New science has been evaluating the biological mechanisms by which physical activity provides health benefits, as well as the physical activity profile (type, intensity, amount) that is associated with enhanced health and quality of life.

The American College of Sports Medicine and the American Heart Association have released updated physical activity recommendation for adults and older adults. The recommendations are an update and clarification of the 1995 recommendation on the types and amounts of physical activity needed by healthy adults and older adults to improve and maintain health.

The ACSM and AHA guidelines are specifically for healthy adults aged 18 to 65 years and recommend moderate-intensity aerobic physical activity for a minimum of 30 minutes on five days each week. The new guidelines also provide an alternate recommendation: vigorous-intensity aerobic physical activity for a minimum of 20 minutes on three days each week.

Not only does science point to the value of physical activity to longevity, but there is also a lot of anecdotal evidence out there. If you see a fit person in his or her 70s or 80s this week, I’ll bet they are pretty active. If not right now, I’d bet they always have been most of their life.

It’s likely that their activity involved good old-fashioned work (labor jobs, weeding by hand, push mowing, scrubbing walls and floors, hand washing, etc.) as opposed to “exercise,” but it was activity. They keep their bodies in motion. “Move it or lose it,” as they say.

Well, this is not only figuratively true, but also literally true in the case of muscle mass. You have to use it to keep it, and you are never too old to build it back up. Building and maintaining some muscle helps our bodies burn more calories, which in turn helps naturally combat the aging process. No, you can’t control getting older, but you can have some control over how well your body ages.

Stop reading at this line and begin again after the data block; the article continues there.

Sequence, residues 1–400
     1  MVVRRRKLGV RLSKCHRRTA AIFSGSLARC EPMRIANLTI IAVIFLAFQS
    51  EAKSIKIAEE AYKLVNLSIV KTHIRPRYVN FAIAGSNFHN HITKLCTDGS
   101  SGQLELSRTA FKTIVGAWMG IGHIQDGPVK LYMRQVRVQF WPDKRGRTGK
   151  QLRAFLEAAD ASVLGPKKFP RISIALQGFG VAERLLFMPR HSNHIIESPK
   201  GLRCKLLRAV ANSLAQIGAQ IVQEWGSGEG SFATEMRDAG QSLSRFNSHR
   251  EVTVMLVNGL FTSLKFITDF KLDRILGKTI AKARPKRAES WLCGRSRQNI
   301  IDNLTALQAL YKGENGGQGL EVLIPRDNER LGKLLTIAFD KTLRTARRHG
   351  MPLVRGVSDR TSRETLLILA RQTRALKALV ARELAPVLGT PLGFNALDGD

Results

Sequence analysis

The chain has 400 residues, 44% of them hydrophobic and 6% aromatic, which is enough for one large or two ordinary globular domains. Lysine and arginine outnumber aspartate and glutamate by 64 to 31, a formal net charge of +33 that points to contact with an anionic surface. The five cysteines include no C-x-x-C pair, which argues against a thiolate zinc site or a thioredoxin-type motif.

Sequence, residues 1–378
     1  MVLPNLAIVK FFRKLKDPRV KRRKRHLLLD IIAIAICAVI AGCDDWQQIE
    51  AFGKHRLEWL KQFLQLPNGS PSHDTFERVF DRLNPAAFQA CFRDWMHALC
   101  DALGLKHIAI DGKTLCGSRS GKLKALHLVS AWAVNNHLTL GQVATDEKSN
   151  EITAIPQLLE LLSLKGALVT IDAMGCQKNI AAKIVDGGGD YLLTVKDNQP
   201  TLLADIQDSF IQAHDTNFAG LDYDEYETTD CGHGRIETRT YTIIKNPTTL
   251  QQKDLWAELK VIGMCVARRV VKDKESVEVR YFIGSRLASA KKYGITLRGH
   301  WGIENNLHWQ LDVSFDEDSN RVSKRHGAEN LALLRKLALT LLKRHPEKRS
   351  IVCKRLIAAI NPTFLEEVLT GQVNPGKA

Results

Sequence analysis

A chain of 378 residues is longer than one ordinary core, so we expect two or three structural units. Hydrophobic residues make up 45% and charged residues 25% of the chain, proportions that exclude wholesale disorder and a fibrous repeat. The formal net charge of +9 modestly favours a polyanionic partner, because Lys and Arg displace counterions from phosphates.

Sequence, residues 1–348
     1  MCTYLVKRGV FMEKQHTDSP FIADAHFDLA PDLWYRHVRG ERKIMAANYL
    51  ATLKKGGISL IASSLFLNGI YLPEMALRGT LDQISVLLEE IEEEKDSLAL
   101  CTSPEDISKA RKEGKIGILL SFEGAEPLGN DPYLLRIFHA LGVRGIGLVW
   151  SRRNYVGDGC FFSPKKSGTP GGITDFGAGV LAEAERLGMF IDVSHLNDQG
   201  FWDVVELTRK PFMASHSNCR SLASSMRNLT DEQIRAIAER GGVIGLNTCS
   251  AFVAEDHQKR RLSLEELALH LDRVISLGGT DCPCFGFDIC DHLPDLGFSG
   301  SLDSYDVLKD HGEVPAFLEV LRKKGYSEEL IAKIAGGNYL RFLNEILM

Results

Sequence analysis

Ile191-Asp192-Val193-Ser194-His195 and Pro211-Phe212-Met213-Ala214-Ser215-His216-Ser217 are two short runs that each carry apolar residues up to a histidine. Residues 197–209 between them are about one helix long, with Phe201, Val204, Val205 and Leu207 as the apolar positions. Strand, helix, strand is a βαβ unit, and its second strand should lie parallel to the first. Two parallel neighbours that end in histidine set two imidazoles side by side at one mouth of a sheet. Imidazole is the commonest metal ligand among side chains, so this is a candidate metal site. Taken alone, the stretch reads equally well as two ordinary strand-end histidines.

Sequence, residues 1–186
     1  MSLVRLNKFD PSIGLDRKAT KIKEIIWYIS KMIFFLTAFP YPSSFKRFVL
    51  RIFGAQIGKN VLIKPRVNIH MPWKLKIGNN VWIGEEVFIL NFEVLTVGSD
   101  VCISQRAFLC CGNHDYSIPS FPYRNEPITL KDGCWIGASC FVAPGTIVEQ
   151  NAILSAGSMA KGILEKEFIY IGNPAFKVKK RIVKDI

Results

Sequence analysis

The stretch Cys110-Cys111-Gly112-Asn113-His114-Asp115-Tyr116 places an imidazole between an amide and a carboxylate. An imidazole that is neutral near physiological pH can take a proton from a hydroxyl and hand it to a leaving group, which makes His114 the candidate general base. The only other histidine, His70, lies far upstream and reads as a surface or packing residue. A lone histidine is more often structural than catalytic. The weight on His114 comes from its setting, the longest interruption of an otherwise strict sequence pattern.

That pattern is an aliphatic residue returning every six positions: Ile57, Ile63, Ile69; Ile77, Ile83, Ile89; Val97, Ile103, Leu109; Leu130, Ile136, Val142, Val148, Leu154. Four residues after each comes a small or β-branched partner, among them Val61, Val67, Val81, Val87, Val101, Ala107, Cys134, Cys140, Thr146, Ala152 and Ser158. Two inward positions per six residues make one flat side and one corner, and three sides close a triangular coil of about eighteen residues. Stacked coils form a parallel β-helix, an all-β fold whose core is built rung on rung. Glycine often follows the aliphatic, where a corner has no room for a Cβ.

Think of exercise as a “tune-up” for your body. Fitting in some exercise is not as time consuming or difficult as you may think; you just have to try to plan physical movement into your week and make sure you are making the most of your time.

Still have an excuse for not exercising? Try this:

n Quality is often more effective than quantity. For instance, you may find that doing 50 abdominal crunches the wrong way is not half as effective as doing 25 the right way. A personal trainer or a good DVD can walk you through the steps on correct form. This will make the most of your time.

n Don’t talk yourself out of exercising because “you don’t have enough time.” The recommendations are guidelines, not hard and fast rules. If you have 15 minutes at lunchtime to go for a walk, do it. If you have 10 minutes before you get into the shower to try some push-ups, just do it.

n Start slow. Don’t set the bar too high if you haven’t exercised in a while. If you can only do one push-up, no worries. After one week of doing one, you will be doing five before you know it. Then 10, then maybe even 15!

n Invest in a set of hand weights. They are inexpensive and probably last forever. A 15- or 20-minute routine two or three times a week is doable in your own bedroom or living room. You can even do some upper-body exercises sitting down if your legs or knees cannot take stress. Do check in with a personal trainer if you haven’t lifted weights before.

n Take a look at your lifestyle and figure out where you may fit more activity into daily life. You’ve heard it all before, but do you do it? Add daily activity: Take the stairs, park farther away, park in town and walk to several stores, carry your own bags, rake the leaves, sweep the porch, wash your car, shovel your own sidewalk.

n If you need to lose weight, what you eat matters too. If you have not been successful on your own, now may be the time to cry for help. Everyone needs some support now and then. Look for a registered dietitian or nutrition coach for guidance and support.

Always check with your doctor before you begin an exercise program. If you can think it, you can do it. Start slowly, stay positive and keep it fad-free.



Rust is a registered dietitian who has a private practice in Meadville. She is a licensed provider for Real Living Nutrition Services and an instructor for Penn State’s World Campus. Visit her Web site at www.reallivingnutrition.com/RosanneRust.aspx or e-mail her at rosanne@reallivingnutrition.com to find out more about her personalized nutrition coaching service.

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